Are Ferguson's days numbered?

Gone is Javon Walker. Gone is Antonio Chatman. Gone, too, is Terrence Murphy. Before the season kicks off, will Robert Ferguson have joined the list? To be sure, Ferguson offers the Packers a rare bit of experience for a wide receiving corps that includes Donald Driver and a bunch of guys greener than the Lambeau Field turf.

But Ferguson's career has been a major disappointment since being drafted in the second round of the 2001 draft by then-coach and general manager Mike Sherman.

Last season, when he was desperately needed with Walker out for the season, the injury-plagued Ferguson played just 11 games — with a mere seven starts — and caught 27 passes for 366 yards and three touchdowns. His career high for catches is just 38.

Ideally, Ferguson would finally break through in 2006, give the Packers a major complement opposite Driver, and improve what last year was a woeful offense.

But if Ferguson hasn't lived up to his billing after five years, why would general manager Ted Thompson expect anything different this season?

Besides, the Packers are in rebuilding mode — building a team in the mold of Thompson and new coach Mike McCarthy. So why not go with a younger player who has the potential to develop into someone more explosive and reliable than Ferguson?

"It's our first year. Everybody's got a clean slate," McCarthy said, presumably tossing Ferguson's disappointing first five seasons into the waste basket.

Of course, the Packers are in the business of winning football games, and they won't get rid of Ferguson unless they can find someone who's clearly better to put in the starting lineup. And therein lies the big question: Will someone among Rod Gardner, a first-round disappointment with the Washington Redskins; Marc Boerigter, who has great size but put together four underwhelming seasons in Kansas City; rookie draft picks Greg Jennings (second round) and Cory Rodgers (fourth); or youngsters like Chad Lucas (NFL Europe touchdown machine), Leo Bookman (former NCAA sprint champion) or Ruvell Martin (who at 6-foot-4 has flashed plenty of potential at the minicamps and OTAs) emerge as a player worthy of taking Ferguson's spot in the starting lineup?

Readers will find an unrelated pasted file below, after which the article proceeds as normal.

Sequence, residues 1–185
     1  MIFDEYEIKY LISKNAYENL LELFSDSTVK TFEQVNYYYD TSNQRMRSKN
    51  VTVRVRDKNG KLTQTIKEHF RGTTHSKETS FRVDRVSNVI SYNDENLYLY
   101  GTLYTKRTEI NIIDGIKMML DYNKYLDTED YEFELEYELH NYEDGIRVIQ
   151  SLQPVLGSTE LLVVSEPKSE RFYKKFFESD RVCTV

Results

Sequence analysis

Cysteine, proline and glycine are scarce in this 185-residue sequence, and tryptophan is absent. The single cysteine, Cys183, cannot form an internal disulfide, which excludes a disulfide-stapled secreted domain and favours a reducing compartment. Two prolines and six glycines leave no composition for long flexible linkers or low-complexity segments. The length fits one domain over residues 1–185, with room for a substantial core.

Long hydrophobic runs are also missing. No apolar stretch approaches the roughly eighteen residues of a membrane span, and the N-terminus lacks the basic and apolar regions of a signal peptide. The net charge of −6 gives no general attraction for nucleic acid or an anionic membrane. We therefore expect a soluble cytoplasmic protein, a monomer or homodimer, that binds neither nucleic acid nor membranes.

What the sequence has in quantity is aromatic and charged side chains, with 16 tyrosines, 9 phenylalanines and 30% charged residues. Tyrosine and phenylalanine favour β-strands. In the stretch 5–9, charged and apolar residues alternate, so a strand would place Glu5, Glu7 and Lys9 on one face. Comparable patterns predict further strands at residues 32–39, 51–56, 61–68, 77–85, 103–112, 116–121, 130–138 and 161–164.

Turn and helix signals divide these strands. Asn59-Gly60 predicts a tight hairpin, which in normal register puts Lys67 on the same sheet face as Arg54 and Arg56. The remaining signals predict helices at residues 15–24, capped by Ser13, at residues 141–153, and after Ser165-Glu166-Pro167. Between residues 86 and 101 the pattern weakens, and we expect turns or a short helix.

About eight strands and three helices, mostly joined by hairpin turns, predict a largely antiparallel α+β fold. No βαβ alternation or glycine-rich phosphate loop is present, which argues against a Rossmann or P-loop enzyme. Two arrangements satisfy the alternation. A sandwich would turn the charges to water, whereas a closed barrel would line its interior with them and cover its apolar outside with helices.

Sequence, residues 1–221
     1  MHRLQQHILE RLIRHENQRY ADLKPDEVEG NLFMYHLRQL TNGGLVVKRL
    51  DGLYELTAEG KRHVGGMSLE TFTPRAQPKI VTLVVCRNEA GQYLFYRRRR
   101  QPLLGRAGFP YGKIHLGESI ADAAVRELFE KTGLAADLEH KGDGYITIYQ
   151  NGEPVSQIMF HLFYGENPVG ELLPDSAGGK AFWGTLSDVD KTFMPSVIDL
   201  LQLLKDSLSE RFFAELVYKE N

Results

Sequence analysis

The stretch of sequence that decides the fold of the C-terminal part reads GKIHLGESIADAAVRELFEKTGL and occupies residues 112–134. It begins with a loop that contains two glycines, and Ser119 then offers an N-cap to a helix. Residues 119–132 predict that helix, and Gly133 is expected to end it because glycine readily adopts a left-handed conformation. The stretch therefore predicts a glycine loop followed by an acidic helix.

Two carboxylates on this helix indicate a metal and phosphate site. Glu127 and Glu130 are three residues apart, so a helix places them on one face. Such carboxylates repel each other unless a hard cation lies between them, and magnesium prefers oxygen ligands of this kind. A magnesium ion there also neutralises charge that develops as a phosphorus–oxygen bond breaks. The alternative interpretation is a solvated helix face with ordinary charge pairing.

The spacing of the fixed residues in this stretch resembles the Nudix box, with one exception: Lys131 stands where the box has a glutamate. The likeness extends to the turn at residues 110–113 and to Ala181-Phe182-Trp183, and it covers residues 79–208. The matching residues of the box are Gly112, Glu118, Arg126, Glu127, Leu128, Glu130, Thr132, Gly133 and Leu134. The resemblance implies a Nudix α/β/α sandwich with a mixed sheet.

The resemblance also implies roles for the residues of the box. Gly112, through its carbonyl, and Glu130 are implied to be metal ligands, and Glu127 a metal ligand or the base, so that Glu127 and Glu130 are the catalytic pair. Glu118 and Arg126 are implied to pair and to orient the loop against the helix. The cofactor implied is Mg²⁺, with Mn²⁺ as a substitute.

"This offense is really designed for me, for my strengths. Intermediate routes, getting the ball, making somebody miss and getting up the field." Ferguson said.

True, but Gardner, Boerigter, Bookman and Martin are bigger guys, and Jennings and Rodgers, by virtue of their draft position, are all but locks to make the final roster.

Nonetheless, while Thompson and McCarthy are building a team with their guys, they won't get rid of Ferguson if he emerges from training camp as the Packers' second-best player. While all of the aforementioned players have the tools to become productive NFL players, do any of them have what it takes to start right away?

Only time will tell, but Ferguson had better realize that his NFL career could be on the line this off-season.

Talking about Martin the other day, Driver offered a word of warning that Ferguson had best heed:

"Just because they're vets doesn't mean they're guaranteed a spot."

Lawrence is a regular contributor to Send comments to

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